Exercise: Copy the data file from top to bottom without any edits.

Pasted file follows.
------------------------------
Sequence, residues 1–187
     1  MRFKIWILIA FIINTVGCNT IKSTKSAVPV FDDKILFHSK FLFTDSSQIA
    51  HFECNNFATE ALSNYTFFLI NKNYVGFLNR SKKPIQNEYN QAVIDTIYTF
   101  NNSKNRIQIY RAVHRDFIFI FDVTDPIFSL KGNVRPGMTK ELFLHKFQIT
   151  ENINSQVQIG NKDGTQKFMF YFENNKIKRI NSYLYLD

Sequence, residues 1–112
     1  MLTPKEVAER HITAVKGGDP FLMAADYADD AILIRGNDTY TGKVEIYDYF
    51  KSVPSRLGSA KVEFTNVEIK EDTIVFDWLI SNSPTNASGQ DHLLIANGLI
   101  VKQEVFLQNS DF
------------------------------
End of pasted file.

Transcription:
Sequence, residues 1–187
     1  MRFKIWILIA FIINTVGCNT IKSTKSAVPV FDDKILFHSK FLFTDSSQIA
    51  HFECNNFATE ALSNYTFFLI NKNYVGFLNR SKKPIQNEYN QAVIDTIYTF
   101  NNSKNRIQIY RAVHRDFIFI FDVTDPIFSL KGNVRPGMTK ELFLHKFQIT
   151  ENINSQVQIG NKDGTQKFMF YFENNKIKRI NSYLYLD

Sequence, residues 1–112
     1  MLTPKEVAER HITAVKGGDP FLMAADYADD AILIRGNDTY TGKVEIYDYF
    51  KSVPSRLGSA KVEFTNVEIK EDTIVFDWLI SNSPTNASGQ DHLLIANGLI
   101  VKQEVFLQNS DF